If your facility is eligible to receive CA Industry Assistance from the CPUC and you do not already report to ARB under its Regulation for the Mandatory Reporting of Greenhouse Gas Emissions (MRR), you must complete an attestation form to receive CA Industry Assistance. The main purpose of the attestation process is to show that your facility operates in an eligible industry.
Attestation forms are available from your respective utility using the following links:
The attestation process is completed at the facility level, where facility is defined in ARB’s Cap-and-Trade Regulation Section 95802(144)(A) as “. . . physical property, plant, building, structure, source, or stationary equipment located on one or more contiguous or adjacent properties…” If a business has multiple eligible facilities, it must complete a separate attestation for each facility.
All attestation forms are subject to a random audit to ensure program integrity.
Facilities have the opportunity to attest to their eligibility once per year. If the facility is eligible, it begins receiving revenue at the beginning of the next year.
- If you successfully complete an attestation form now, you will remain eligible for assistance through 2017.
- Facilities must submit an attestation form in 2017 to continue receiving assistance for 2018-2020.
- There is a one-time, retroactive credit that will be provided in 2016 and cover 2013, 2014, 2015, and 2016.
|September 30, 2015
submit attestation form to receive CA Industry Assistance covering 2016 and 2017
|September 30, 2016
||Deadline to submit attestation form to receive CA Industry
Assistance covering 2017
|September 30, 2017
to submit attestation form to receive CA Industry Assistance beginning in
April 2018. Any facility previously receiving CA Industry Assistance must re-attest to continue receiving assistance.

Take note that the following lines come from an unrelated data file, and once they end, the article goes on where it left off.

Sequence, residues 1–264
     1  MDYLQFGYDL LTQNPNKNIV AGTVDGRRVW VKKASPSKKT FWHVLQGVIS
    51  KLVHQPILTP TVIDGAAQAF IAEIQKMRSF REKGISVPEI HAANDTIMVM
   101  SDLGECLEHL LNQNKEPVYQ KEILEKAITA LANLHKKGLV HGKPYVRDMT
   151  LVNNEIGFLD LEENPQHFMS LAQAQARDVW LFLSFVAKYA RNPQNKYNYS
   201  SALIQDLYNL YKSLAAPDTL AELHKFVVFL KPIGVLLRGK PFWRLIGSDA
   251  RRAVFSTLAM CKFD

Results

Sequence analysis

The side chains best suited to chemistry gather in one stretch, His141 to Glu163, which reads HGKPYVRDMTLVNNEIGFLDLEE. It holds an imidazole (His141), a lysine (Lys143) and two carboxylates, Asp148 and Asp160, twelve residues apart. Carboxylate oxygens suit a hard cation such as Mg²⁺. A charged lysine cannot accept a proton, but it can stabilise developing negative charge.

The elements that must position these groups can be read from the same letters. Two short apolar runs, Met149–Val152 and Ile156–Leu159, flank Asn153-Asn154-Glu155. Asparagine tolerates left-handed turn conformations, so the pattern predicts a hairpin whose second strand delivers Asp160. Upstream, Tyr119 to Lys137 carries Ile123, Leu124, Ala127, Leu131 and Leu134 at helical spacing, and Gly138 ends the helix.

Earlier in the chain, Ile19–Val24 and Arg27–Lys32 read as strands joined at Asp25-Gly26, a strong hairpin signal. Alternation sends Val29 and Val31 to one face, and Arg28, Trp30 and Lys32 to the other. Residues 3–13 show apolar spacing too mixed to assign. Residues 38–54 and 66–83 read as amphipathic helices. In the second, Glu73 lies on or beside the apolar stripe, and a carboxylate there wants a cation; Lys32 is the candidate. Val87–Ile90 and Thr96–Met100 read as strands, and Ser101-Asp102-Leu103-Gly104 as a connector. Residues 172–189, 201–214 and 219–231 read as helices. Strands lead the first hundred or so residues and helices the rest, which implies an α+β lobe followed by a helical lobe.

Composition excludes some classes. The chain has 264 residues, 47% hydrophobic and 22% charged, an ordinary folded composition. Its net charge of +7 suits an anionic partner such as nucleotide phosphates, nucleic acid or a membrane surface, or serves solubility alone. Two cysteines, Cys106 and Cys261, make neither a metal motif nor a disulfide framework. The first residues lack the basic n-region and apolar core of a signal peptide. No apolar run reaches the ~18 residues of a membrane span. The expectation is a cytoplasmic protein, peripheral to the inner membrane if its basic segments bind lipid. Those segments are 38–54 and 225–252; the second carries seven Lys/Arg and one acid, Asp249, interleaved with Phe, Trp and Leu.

If you have questions about CA Industry Assistance, email email@example.com or call Christian Ettinger at (415) 703-1226.
CA Industry Assistance FAQs
Who is eligible for CA Industry Assistance?
Entities that primarily operate in industrial sectors that qualify for Industry Assistance under ARB’s Cap-and-Trade Regulation, regardless of the amount of emissions produced, are eligible for CA Industry Assistance. A facility is eligible if its principal source of revenue comes from a product, activity, or service that is eligible.
Eligible industries are listed by 2007 North American Industry Classification System (NAICS) Code in Table 8-1 of ARB’s Regulation. See a full list here.
Facilities must be customers of Pacific Gas and Electric Company (PG&E), Southern California Edison Company (SCE), San Diego Gas & Electric Company (SDG&E), Liberty Utilities (CalPeco Electric) LLC, or Pacific Power.
Eligible industries fall within the following categories:
- Apparel Manufacturing
- Beverage and Tobacco Product Manufacturing
- Chemical Manufacturing
- Fabricated Metal Product Manufacturing
- Food Manufacturing
- Machinery Manufacturing
- Mining (except Oil and Gas)